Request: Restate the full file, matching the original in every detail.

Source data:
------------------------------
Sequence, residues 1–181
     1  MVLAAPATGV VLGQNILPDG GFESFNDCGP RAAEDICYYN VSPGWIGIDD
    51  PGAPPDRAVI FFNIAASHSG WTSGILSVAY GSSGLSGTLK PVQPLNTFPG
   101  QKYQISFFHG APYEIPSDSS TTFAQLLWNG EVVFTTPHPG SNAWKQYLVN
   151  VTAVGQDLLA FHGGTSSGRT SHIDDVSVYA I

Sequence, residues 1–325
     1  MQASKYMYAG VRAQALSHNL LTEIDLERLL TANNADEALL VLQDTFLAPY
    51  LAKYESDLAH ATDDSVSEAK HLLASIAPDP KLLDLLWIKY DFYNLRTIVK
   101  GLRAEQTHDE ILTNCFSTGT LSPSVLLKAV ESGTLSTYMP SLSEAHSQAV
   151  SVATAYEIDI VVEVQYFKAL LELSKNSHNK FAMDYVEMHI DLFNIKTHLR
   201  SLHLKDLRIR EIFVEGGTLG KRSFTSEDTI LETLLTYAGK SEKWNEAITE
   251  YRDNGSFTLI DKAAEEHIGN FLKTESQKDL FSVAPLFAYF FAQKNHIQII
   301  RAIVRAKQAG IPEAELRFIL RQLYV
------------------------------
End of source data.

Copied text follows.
Sequence, residues 1–181
     1  MVLAAPATGV VLGQNILPDG GFESFNDCGP RAAEDICYYN VSPGWIGIDD
    51  PGAPPDRAVI FFNIAASHSG WTSGILSVAY GSSGLSGTLK PVQPLNTFPG
   101  QKYQISFFHG APYEIPSDSS TTFAQLLWNG EVVFTTPHPG SNAWKQYLVN
   151  VTAVGQDLLA FHGGTSSGRT SHIDDVSVYA I

Sequence, residues 1–325
     1  MQASKYMYAG VRAQALSHNL LTEIDLERLL TANNADEALL VLQDTFLAPY
    51  LAKYESDLAH ATDDSVSEAK HLLASIAPDP KLLDLLWIKY DFYNLRTIVK
   101  GLRAEQTHDE ILTNCFSTGT LSPSVLLKAV ESGTLSTYMP SLSEAHSQAV
   151  SVATAYEIDI VVEVQYFKAL LELSKNSHNK FAMDYVEMHI DLFNIKTHLR
   201  SLHLKDLRIR EIFVEGGTLG KRSFTSEDTI LETLLTYAGK SEKWNEAITE
   251  YRDNGSFTLI DKAAEEHIGN FLKTESQKDL FSVAPLFAYF FAQKNHIQII
   301  RAIVRAKQAG IPEAELRFIL RQLYV